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November 28, 2012     Indian Valley Record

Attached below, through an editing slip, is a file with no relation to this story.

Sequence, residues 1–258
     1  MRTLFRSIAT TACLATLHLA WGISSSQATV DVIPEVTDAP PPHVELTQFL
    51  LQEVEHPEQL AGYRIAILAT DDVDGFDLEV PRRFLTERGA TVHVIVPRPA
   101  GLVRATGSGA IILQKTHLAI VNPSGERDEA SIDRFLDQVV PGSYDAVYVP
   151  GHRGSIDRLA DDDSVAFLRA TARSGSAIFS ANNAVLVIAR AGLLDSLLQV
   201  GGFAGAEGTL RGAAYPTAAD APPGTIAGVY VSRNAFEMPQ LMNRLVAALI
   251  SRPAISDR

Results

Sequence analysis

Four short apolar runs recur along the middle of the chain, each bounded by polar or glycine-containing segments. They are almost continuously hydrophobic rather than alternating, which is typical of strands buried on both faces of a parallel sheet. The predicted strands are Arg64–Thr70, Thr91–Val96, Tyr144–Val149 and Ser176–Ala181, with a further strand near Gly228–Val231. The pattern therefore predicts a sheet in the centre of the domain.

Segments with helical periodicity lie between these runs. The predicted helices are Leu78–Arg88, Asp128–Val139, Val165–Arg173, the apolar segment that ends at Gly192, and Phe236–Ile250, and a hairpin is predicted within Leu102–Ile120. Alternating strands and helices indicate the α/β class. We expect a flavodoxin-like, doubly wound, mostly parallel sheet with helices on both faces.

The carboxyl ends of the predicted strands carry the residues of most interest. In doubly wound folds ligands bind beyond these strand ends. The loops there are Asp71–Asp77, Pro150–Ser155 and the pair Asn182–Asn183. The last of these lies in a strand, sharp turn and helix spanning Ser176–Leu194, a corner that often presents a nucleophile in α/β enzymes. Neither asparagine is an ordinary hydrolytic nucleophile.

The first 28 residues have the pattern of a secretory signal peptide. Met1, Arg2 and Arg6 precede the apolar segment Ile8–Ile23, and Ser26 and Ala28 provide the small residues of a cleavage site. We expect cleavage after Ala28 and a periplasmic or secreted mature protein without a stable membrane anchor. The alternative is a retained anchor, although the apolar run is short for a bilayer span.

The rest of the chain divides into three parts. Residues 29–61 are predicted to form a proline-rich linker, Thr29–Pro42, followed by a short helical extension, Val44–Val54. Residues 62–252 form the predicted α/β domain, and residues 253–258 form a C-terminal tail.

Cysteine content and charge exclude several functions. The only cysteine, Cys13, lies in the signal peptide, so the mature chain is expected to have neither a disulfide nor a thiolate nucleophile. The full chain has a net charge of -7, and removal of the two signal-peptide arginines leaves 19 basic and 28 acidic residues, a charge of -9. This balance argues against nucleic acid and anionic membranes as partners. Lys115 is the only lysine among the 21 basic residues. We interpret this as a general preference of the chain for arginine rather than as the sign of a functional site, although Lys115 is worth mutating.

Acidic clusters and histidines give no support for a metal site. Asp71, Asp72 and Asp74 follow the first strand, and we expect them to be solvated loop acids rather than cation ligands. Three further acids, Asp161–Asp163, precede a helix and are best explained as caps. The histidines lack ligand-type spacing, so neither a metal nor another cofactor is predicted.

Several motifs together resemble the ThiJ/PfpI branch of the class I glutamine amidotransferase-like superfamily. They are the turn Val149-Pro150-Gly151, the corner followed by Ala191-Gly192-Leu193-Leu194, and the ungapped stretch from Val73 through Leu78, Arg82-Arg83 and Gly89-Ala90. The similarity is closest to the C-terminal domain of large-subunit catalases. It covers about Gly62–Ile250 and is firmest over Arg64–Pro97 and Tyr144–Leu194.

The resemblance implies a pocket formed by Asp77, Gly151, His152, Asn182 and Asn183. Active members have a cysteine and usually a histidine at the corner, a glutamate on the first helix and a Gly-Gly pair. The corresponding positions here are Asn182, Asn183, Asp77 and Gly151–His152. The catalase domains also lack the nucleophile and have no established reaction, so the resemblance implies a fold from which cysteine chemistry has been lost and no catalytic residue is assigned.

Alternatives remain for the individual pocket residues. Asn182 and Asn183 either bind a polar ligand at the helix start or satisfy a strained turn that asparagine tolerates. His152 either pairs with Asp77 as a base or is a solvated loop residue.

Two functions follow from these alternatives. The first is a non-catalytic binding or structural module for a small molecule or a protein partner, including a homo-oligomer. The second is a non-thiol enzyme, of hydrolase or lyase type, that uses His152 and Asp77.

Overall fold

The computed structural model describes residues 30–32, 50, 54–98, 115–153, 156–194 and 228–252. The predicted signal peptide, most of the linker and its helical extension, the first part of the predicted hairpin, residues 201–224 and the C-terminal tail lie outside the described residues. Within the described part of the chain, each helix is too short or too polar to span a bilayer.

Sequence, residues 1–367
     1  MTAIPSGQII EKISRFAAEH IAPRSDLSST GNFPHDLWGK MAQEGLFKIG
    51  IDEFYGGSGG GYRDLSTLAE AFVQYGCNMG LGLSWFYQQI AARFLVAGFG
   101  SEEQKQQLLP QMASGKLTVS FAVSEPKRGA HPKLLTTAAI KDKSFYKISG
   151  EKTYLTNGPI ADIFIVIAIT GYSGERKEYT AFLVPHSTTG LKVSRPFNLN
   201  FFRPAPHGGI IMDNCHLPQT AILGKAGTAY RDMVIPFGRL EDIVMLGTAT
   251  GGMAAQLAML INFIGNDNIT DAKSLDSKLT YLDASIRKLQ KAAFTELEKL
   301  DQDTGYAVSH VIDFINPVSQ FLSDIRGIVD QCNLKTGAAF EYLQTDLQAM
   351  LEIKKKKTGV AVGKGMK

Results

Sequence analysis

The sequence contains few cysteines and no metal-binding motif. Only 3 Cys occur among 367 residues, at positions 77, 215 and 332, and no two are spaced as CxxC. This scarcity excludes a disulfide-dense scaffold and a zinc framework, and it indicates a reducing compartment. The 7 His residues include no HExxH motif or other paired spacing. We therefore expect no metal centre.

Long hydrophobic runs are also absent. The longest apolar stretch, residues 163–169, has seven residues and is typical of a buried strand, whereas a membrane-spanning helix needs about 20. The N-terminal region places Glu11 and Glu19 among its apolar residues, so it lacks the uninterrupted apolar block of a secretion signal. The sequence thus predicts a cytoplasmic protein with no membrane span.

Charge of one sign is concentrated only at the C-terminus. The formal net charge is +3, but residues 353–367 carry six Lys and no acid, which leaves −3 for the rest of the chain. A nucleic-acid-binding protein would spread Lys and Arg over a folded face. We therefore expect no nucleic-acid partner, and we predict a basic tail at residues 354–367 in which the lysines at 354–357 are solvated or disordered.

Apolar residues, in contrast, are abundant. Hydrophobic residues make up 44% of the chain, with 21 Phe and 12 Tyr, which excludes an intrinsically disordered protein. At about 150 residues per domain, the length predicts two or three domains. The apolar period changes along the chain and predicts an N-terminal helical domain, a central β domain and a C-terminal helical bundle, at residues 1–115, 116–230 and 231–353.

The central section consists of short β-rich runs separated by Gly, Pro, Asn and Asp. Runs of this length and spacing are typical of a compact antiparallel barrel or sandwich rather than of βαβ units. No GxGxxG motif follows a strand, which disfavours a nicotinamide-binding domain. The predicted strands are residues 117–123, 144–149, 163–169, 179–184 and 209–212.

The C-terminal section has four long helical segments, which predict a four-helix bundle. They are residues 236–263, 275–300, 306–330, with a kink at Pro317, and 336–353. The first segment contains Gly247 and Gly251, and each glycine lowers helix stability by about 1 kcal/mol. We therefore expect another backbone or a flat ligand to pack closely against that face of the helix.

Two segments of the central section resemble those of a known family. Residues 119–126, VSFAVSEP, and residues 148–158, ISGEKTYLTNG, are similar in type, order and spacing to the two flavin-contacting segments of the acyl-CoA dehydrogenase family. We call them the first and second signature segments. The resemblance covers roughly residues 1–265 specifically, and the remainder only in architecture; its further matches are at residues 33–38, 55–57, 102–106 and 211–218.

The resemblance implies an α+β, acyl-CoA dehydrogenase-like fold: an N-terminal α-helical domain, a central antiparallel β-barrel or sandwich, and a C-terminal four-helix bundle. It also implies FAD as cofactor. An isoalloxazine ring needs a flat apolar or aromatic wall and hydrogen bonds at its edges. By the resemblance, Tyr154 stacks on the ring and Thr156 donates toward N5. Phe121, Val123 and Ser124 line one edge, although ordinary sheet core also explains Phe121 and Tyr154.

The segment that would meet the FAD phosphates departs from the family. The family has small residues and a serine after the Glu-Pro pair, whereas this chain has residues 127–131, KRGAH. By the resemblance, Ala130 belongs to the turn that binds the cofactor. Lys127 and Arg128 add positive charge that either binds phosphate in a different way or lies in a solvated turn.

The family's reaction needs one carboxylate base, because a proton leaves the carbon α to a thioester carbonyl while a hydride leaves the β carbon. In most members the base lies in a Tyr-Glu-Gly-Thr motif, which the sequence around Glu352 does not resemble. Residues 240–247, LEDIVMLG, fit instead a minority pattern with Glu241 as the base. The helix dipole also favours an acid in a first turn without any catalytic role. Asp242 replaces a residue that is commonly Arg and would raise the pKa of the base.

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12B Wednesday, Nov. 28, 2012 Bulletin, Record, Progressive, Reporter nic Windmill sterdam visit inspires Quincy man to build windmills Laura Beaten Staff Writer Ibeaton@plumasnews.com Retired railroad worker Wayne Benedict, 83, was in- spired by one of Holland's most recognizable icons, the windmill, while visiting Am- sterdam about 25 years ago. A windmill is a machine that uses wind power to gen- erate rotational energy, which can then be used to turn a grinding wheel or oth- er mechanical device, such as a water pump. In Holland, where approxi- mately a quarter of the land lies below sea level, it is be- lieved windmills have been used since before the 12th century. , In 1740 at Kinderdijk, 19 windmills driving scoop wheels were built to remove water from a polder, or low- lying land enclosed by em- bankments (dikes). The windmills scooped wa- ter from low to higher ground and from there into the rivers at appropriate, advan- tageous locations. This group of mills is the largest concentration of old windmills in the Netherlands and is one of the best-known, Dutch tourist sites. Benedict became interested in these iconic structures and decided he would try to fabri- cate one back home in East Quincy. Averaging nearly one windmill per year, Benedict has built many different sizes and styles of these early wind power generating devices. Most of Benedict's wind- mills feature a concrete base, which is helpful in keeping the windmill anchored se- curely to the ground. -The bottom portion of the windmill he generally con- st~ucts from plywood, then covers over with mortar and tile. Benedict constructs the up- per portion out of plywood or aluminum sheets, to which he affixes shingles or clap- board siding. Most of his windmills also feature decking built about halfway up the windmill, and some feature additional deck- ing around the base. Benedict fabricates moving sails, which actually turn While mounted atop the wind- mills. The final task is to paint the 4- to 6-foot windmills, of- ten in traditional Dutch col- ors of red, white and blue. Benedict also favors green and yellow. The top of a working post windmill must rotate in or- der to catch the Wind. In northern Europe, the wind is variable and can come from many different directions, ne- cessitating a shift in the di- rection of the sails. Most windmills have four sails, although some may haveeight or more. Begin- ning around the late 18th cen- tury, fantails were added, en- abling the sails to self-adjust to the wind's direction. About a hundred years lat- er, improvements had been made and now the sails, made of wooden slats, could be adjusted to control the amount of wind captured. As the technology im- proved, the efficiency and ca- pability of the windmills greatly improved also. Wind power continues" to be one of the soundest eco-friendly en- ergy sources available. Benedict has tried his hand at other crafts as well. He built a horse out of a 55-gal- Ion drum and stovepipe for a friend who had seen a similar sculpture and wanted one for herself. Wayne Benedict stands behind a windmill in his East Quincy backyard Nov. 21. Benedict began building windmills about 25 years ago after a trip to Holland inspired him to fabricate the sculptures that have working blades, or sails, and fine details. VERY A while later, the friend de- cided her horse was too lone- ly, and asked Benedict to build her a cow, which he did. John D:ere Equipment for 60 months* 27hp,4x4,3001oader on 60" Box Scraper Benedict has also con- structed a 10-foot Ferris wheel, a carousel, an approxi- mately 3-foot-long trolley car and a 24-foot wrought iron gate. Another project Benedict has enjoyed is rebuilding a 1958 Forward Control Jeep 150. The four-cylinder re- stored jeep won a blue ribbon for Benedict at this summer's Plumas-Sierra County Fair. Benedict is a great example of an active man who uses his welding, carpentry, mechani- cal, painting and other skills to create functional works of art while enjoying himself and staying sharp-witted. list price =1042 NOW =419 only with tractor loader purchase 3005 Compact Tractor or 3320 Compact Tractor This upside-down windmill is being repaired by creator i : with your choice of: Wayne Benedict, 83, in his East Quincy garage workshop. 2 60" Rear blade The weather takes a toll on :: : Benedict's versions of : ;~ list price =717 NOW =21995 Holland's iconic windmills, still in use today for various purposes, including grinding or grains and pumping water. Photos by Laura Beaten 332O 4x4, 300x loader with 60" bucket ' Frontier Equipment: - 1 64" Rear mounted snow blower I ' , Reg=2747 NOW$1995 I _.] ] 74" Rear mounted snow blower I ' Reg s3454 NOW $276 J 60" Rotary Cutter Mower / Reg=2009 N0W$1595/ iV " front & rear chains & slip clutch I 72" Rotary Cutter Mower I \ I Beg=2339 NOW$1895I front & rear chains & slip clutch I tl OPEN Mon-Fri 8-5 pm Hwy 299E Offer ends O2/28/2013. Subject to approved credit on Revolving plan, a service of John Deere Financial, f.s.b. Some restrictions apply; other special rates and terms may be available, so see your dealer for details and other financing options. Available at participating dealers. Prices and models may vary by dealer. Clingin9 leaves wznrer s grasp A lone maple tree at Feather River College clingsto its leaves despite a spate of November storms in this Nov. 20 photo. The mostly yellow leaves are accompanied by a few splashes of red and some green leaves that apparently are not yet ready to call it quits. Photo by Laura Beaten